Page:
Опубликован: 12.07.2013 | Доступ: свободный | Студентов: 735 / 20 | Длительность: 37:41:00
Лекция 2:

The Interactive Shell

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Аннотация: Before we start writing computer games, we should learn some basic programming concepts first. These concepts are values, operators, expressions, and variables.

Topics Covered In This Chapter:

  • Integers and Floating Point Numbers
  • Expressions
  • Values
  • Operators
  • Evaluating Expressions
  • Storing Values in Variables

Before we start writing computer games, we should learn some basic programming concepts first. These concepts are values, operators, expressions, and variables. We won't start programming in this chapter, but knowing these concepts and the names of things will make learning to program much easier. This is because most programming is built on only a few simple concepts combined together to make advanced programs.

Let's start by learning how to use Python's interactive shell.

Some Simple Math Stuff

To open IDLE on Windows, click on Start > Programs > Python 3.1 > IDLE (Python GUI). With IDLE open, let's do some simple math with Python. The interactive shell can work just like a calculator. Type 2+2 into the shell and press the Enter key on your keyboard. (On some keyboards, this is the RETURN key.) As you can see in Figure 2.1, the computer should respond with the number 4; the sum of 2+2.

Type 2+2 into the shell.

Рис. 2.1. Type 2+2 into the shell.

As you can see, we can use the Python shell just like a calculator. This isn't a program by itself because we are just learning the basics right now. The + sign tells the computer to add the numbers 2 and 2. To subtract numbers use the - sign, and to multiply numbers use an asterisk (*), like so:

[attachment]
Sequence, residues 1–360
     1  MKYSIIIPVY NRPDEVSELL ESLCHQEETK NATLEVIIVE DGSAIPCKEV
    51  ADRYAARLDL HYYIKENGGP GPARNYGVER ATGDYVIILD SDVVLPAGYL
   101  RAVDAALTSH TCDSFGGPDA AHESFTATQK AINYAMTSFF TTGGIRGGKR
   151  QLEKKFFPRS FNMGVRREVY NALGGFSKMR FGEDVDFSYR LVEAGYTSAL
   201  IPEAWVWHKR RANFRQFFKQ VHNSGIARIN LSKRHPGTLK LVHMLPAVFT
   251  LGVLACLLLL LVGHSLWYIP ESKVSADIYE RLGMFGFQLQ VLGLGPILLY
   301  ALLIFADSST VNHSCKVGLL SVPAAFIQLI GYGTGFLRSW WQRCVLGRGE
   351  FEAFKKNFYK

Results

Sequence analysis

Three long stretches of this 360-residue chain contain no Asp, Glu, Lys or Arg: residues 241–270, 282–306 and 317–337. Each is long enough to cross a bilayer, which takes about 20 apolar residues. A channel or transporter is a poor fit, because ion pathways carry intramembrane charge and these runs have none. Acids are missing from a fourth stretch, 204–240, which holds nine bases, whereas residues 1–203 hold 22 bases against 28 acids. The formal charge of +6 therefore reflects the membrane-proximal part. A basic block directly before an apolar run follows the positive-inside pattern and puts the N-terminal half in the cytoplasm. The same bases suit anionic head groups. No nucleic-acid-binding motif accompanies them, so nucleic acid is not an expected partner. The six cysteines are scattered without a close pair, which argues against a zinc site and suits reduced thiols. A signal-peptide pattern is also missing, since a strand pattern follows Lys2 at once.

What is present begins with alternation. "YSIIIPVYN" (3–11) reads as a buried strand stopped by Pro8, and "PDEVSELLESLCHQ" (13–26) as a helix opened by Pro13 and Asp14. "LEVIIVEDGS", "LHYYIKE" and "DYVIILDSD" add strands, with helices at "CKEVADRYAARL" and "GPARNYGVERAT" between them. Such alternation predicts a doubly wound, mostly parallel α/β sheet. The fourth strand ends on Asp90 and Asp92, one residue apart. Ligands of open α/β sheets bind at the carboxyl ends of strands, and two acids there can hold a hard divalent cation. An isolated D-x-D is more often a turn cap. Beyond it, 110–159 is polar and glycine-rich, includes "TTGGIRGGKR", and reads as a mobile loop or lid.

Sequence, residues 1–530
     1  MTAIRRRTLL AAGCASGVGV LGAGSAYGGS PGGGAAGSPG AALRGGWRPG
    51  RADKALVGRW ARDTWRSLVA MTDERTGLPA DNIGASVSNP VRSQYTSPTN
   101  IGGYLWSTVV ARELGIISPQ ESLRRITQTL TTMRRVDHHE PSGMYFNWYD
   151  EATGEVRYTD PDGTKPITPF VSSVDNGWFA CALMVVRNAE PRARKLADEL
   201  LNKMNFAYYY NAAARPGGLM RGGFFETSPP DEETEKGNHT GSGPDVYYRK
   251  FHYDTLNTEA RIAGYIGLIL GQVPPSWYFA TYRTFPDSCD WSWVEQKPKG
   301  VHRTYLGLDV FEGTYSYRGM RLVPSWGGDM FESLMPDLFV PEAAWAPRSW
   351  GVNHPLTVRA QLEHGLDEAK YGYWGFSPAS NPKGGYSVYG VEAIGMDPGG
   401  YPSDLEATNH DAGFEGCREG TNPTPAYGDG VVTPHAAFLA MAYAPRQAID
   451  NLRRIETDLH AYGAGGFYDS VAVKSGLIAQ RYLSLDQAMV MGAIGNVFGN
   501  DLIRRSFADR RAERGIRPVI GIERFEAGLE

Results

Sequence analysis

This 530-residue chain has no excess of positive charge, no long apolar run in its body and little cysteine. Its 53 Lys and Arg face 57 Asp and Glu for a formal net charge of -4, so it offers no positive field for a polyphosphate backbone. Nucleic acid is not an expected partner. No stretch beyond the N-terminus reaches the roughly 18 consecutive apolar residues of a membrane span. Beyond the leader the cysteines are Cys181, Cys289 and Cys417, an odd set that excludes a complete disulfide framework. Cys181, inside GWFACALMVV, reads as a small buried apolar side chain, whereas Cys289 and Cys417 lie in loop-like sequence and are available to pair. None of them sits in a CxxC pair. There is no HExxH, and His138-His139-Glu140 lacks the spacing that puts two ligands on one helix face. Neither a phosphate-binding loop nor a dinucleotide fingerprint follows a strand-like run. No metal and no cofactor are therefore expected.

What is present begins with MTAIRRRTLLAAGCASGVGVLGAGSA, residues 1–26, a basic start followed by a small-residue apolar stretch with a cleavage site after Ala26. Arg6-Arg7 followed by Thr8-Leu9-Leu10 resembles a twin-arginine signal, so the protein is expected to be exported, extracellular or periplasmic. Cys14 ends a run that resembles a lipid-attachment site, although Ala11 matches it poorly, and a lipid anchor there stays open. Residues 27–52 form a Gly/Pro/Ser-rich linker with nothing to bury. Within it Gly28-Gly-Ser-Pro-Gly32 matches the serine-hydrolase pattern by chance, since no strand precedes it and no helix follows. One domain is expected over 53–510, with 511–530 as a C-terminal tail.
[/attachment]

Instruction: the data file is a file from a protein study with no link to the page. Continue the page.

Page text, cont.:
Таблица 2.1. The various math operators in Python.
2+2 addition
2-2 subtraction
2*2 multiplication
2/2 division

When used in this way, +, -, *, and / are called operators because they tell the computer to perform the specified operation on the numbers surrounding them.

Integers and Floating Point Numbers

In programming (and also in mathematics), whole numbers like 4, 0, and 99 are called integers. Numbers with fractions or decimal points (like 3.5 and 42.1 and 5.0) are not integers. In Python, the number 5 is an integer, but if we wrote it as 5.0 it would not be an integer. Numbers with a decimal point are called floating point numbers. In mathematics, 5.0 is still considered an integer and the same as the number 5, but in computer programming the computer considers any number with a decimal point as not an integer.

Expressions

Try typing some of these math problems into the shell, pressing Enter key after each one.

2+2+2+2+2
8*6
10-5+6
2  +      2

Figure 2.2 is what the interactive shell in IDLE will look like after you type in the instructions above.

What the IDLE window looks like after entering instructions.

Рис. 2.2. What the IDLE window looks like after entering instructions.

These math problems are called expressions. Computers can solve millions of these problems in seconds. Expressions are made up of values (the numbers) connected by operators (the math signs). Let's learn exactly what values and operators are.